Fish

A tempo deck that uses small and cheap creatures and “manlands” to beat you while your spells are taken care of by the disruption caused by Daze, Force of Will, Misdirection, Stifle, Null Rod, Strip Mine, Wasteland and others.

Lord of Atlantis
Lord of Atlantis

Fish also has a drawing motor in place thanks to Standstill and sometimes Curiosity, to try to get ahead of the most powerful decks.

There are several variants of the deck, including:

  • Mono Blue Fish: the original Fish deck makes the most out of the synergy between Lord of Atlantis and other Merfolk while also having a definitely more stable mana base.
  • UR Fish: Combine Fish with some of the stronger cards of Sligh, such as Grim Lavamancer and Lightning Bolt plus the Blue/Red double card Fire/Ice.
  • WU Fish: The White/Blue version of Fish mainly incorporates one of the strongest creatures of the format: Meddling Mage together with Sword to Plowshares and other white disruption spells, like Balance and Disenchant.

ARTIFACTS

1 Mox Sapphire
3 Null Rod

CREATURES

4 Cloud of Faeries
4 Lord of Atlantis
4 Manta Riders
4 Rootwater Thief

INSTANTS

4 Force of Will
4 Misdirection
1 Psionic Blast

SORCERIES

1 Time Walk

ENCHANTMENTS

4 Curiosity
4 Standstill

LANDS

4 Faerie Conclave
9 Island
1 Library of Alexandria
1 Maze of Ith
4 Mishra’s Factory
1 Strip Mine
2 Wasteland

SIDEBOARD

4 Annul
1 Boomerang
2 Chill
1 Gilded Drake
2 Legacy’s Allure
1 Maze of Ith
2 Suq’Ata Firewalker
2 Wasteland
Black Lotus
Fabio Zanasi’s Fish deck at the VII Old Frame League.
DateTournamentPositionPlayer
February 2021IV MTGOF LeagueFabio Zanasi
July 2021VII MTGOF League2ndFabio Zanasi
October 2021VIII MTGOF LeagueTop 4Michael Giuliani
July 2022XII MTGOF LeagueÓscar Canedo
September 25, 2022LMOF 1.62ndDavid Aparicio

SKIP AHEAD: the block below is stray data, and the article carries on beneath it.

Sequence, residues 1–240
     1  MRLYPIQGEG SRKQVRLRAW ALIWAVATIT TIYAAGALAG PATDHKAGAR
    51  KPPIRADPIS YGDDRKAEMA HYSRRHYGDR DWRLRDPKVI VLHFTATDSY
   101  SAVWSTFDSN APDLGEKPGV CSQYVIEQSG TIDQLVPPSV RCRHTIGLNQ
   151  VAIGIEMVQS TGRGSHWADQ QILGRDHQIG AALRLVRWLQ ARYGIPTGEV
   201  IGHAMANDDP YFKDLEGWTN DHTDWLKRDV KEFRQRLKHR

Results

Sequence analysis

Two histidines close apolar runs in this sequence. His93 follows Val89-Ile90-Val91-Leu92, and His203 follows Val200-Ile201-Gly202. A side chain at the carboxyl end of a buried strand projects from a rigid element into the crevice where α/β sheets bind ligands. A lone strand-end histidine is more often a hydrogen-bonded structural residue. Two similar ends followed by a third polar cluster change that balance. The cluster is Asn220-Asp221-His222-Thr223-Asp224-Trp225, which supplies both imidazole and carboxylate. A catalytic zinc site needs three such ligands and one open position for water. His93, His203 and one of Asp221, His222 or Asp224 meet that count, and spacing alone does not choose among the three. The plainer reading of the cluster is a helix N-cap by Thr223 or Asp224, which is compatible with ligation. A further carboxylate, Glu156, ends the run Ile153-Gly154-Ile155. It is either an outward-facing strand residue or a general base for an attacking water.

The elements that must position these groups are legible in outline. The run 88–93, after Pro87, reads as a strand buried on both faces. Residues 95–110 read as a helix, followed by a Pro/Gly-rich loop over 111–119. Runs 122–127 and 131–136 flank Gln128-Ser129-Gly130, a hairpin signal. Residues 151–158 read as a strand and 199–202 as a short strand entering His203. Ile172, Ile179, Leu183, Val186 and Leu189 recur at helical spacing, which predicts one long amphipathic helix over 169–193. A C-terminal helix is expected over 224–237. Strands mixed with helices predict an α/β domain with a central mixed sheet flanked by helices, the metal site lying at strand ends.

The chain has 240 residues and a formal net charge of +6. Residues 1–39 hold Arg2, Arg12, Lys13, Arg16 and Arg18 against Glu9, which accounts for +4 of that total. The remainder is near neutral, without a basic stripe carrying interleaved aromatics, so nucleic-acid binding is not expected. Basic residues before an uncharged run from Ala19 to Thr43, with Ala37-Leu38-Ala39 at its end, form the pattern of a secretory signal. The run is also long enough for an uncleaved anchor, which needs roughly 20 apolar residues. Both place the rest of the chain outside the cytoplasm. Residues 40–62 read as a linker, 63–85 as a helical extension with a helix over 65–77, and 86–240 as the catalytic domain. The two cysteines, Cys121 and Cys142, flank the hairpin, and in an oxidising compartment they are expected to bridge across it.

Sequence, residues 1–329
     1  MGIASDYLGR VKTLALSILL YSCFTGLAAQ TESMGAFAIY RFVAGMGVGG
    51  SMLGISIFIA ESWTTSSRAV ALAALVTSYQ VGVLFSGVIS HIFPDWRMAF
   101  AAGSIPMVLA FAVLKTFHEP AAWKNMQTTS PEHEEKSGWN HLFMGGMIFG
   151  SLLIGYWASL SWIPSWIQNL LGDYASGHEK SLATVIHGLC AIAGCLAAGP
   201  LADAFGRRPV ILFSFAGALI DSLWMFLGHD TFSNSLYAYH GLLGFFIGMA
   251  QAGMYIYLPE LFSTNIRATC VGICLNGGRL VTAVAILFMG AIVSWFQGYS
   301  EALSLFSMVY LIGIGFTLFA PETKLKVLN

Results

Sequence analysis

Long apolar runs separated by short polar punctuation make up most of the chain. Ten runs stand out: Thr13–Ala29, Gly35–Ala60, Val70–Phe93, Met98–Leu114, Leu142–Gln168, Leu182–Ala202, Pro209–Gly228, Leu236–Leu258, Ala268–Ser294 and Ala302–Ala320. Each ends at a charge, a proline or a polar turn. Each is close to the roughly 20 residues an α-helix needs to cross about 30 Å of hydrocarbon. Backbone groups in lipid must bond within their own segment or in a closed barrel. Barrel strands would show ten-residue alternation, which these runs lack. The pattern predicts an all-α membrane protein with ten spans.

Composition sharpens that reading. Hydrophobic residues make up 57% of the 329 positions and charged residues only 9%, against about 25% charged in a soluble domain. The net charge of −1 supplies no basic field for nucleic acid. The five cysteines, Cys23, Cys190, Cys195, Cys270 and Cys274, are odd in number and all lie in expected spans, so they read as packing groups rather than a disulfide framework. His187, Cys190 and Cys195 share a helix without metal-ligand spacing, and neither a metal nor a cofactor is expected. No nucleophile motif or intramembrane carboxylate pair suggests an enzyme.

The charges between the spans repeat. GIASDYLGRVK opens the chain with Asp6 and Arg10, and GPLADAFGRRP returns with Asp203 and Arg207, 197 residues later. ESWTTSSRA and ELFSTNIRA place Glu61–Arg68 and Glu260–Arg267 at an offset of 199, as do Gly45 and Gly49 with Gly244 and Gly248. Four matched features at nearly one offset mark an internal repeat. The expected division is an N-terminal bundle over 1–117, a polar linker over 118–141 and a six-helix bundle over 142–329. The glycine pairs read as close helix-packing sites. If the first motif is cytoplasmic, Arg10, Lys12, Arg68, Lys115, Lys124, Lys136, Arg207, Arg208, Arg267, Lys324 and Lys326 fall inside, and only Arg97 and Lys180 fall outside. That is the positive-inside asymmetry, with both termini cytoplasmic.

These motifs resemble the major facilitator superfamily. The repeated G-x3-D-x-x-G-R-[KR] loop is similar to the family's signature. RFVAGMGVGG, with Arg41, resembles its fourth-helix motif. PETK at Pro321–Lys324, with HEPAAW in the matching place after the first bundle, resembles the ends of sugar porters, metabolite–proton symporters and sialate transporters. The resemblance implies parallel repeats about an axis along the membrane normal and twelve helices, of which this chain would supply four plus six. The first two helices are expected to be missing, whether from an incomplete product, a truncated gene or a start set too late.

October 2022XIII MTGOF LeagueÓscar Canedo
February 2023XIV MTGOF LeagueÓscar Canedo

Reap

What is the point of using Distorting Lens in a competitive Magic the Gathering deck? Well, Reap is the point. Turn your opponent’s permanents black and soon you will card advantage your way to victory.

Force of WillPyroblastWastelandRed Elemental BlastGorilla Shaman and some Cunning Wishes will take care of the rest.

ARTIFACTS

4 Distorting Lens
1 Mox Emerald
1 Sol Ring

CREATURES

1 Gorilla Shaman

INSTANTS

4 Accumulated Knowledge
1 Ancestral Recall
1 Blue Elemental Blast
4 Brainstorm
3 Cunning Wish
1 Disrupt
1 Fire/Ice
4 Force of Will
1 Misdirection
1 Mystical Tutor
4 Pyroblast
2 Reap
4 Red Elemental Blast

SORCERIES

1 Merchant Scroll
1 Time Walk
1 Regrowth

ENCHANTMENTS

1 Sylvan Library

LANDS

1 Flooded Strand
1 Island
1 Library of Alexandria
3 Polluted Delta
1 Strip Mine
4 Tropical Island
4 Volcanic Island
3 Wasteland

SIDEBOARD

1 Counterspell
1 Disrupt
1 Dwarven Blastminer
1 Flaming Gambit
1 Gorilla Shaman
1 Hurkyl’s Recall
1 Hydroblast
1 Intuition
1 Misdirection
2 Naturalize
2 Pyrokinesis
1 Reap
1 Timetwister

Black Lotus

High Tide

What’s bluer than blue? High Tide! Let all those Islands surge with power and cast all the expensive spells you want until you have a win condition like Brain Freeze.

David Aparicio’s winning deck at the Liga Madrileña de Old Frame 1.3.

ARTIFACTS

1 Black Lotus
3 Candelabra of Tawnos